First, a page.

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Nissan Leaf Review

Written by Allan Noble · 17/05/21

As one of the first electric cars out of the blocks, the Nissan Leaf is now an established electric brand in its own right. The second generation of the Leaf came out in 2018, with several improvements that made the car even more attractive to ecologically conscious motorists.


The bigger battery in the second generation of the Leaf makes it a contender alongside the Renault Zoe and the VW ID.3 for an all-round electric car designed for the urban environment and the open road.

A hatchback that's supposed to wean people off fossil fuel-powered cars, the Nissan Leaf will please many city dwellers, but as this review makes clear, there are some compromises you'll need to accommodate if you are to love your Leaf. Of course, it is worth noting that the electric motor and the battery pack have significantly improved since the Leaf was first launched by Nissan in 2010, including a longer range.

This review will focus on the second-generation Leaf in the main with some information about the older version if you are looking to buy a second-hand model.

Range, Charging, & Emissions

To begin with, the 2018 iteration of the Nissan Leaf – officially known as the Nissan Leaf ZE1 – comes with a choice of two different battery packs. Nissan supplies the entry-level Leaf with a WLTP range of 168 miles. This would account for 151 miles in real-world driving conditions. The more significant Leaf e + will provide you with a considerably larger capacity, however. The real-world range you can expect with the Leaf e + is 226 miles. The equivalent WLTP figure is 239 miles of range for the Leaf e +.

Nevertheless, both vehicle types don't offer long-distance commuters with ranges that are likely to satisfy, especially if they need to travel around during the day when the Leaf could be charging up at the office.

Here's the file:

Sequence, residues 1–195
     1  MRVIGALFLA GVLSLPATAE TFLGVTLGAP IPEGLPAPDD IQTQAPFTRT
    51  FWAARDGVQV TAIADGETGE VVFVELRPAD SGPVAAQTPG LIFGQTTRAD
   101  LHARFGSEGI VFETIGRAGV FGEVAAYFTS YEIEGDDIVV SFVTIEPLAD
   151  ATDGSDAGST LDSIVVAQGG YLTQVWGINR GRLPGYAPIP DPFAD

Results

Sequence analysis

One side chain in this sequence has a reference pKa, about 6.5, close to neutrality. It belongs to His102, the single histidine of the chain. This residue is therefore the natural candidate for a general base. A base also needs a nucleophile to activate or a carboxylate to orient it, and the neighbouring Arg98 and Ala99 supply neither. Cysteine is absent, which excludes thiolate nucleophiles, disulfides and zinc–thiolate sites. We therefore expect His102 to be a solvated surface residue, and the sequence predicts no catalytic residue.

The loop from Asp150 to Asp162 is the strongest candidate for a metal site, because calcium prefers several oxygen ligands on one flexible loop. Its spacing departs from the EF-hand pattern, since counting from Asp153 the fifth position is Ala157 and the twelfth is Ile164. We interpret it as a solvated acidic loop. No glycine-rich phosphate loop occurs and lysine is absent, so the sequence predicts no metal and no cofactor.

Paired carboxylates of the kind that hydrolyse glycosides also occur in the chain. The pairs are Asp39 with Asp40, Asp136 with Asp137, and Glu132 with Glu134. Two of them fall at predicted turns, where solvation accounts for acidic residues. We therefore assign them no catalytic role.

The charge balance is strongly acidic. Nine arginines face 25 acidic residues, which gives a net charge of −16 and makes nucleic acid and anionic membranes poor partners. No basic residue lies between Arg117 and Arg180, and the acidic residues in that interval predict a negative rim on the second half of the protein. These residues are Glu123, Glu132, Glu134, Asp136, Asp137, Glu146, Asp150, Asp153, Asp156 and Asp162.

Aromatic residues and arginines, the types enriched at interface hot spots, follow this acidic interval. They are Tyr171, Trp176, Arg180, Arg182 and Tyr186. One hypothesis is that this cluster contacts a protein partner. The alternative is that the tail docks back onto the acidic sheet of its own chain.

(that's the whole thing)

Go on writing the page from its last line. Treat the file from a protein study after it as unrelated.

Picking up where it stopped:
As mentioned, the Leaf e + is the larger of the two ZE1 variants. The Leaf e + comes with a 62 kWh battery. On the other hand, the entry-level Nissan Leaf has a 40 kWh battery. Both the standard and the Nissan Leaf e + are equipped with lithium-ion batteries, the same technology that Nissan used on the first generation of the Leaf. If you obtain an older Leaf, it will either have a 24 kWh battery or, if it was made in 2016, a 30 kWh battery. Consequently, older versions of the Nissan Leaf have a diminished driving range.

The standard 2018 Nissan Leaf would take 18 hours to charge its battery to provide a full driving range if you plug in with a standard three-pin connection. From a 3.6 kW plug outlet, the Nissan Leaf takes 11 hours to charge. Both 7 kW and 22 kW charging stations will require six hours of charge time to get a full driving range from empty. However, in the real world, charging from 20 per cent to 80 per cent from a public recharging point with a 50 kW connection, the Nissan Leaf would only need about 40 minutes to power its electric motor. That's not bad for any electric vehicle and, with the Leaf, Nissan has come up with an electric car that is practical regardless of the charging stations you might have available in your vicinity.

Next: Running costs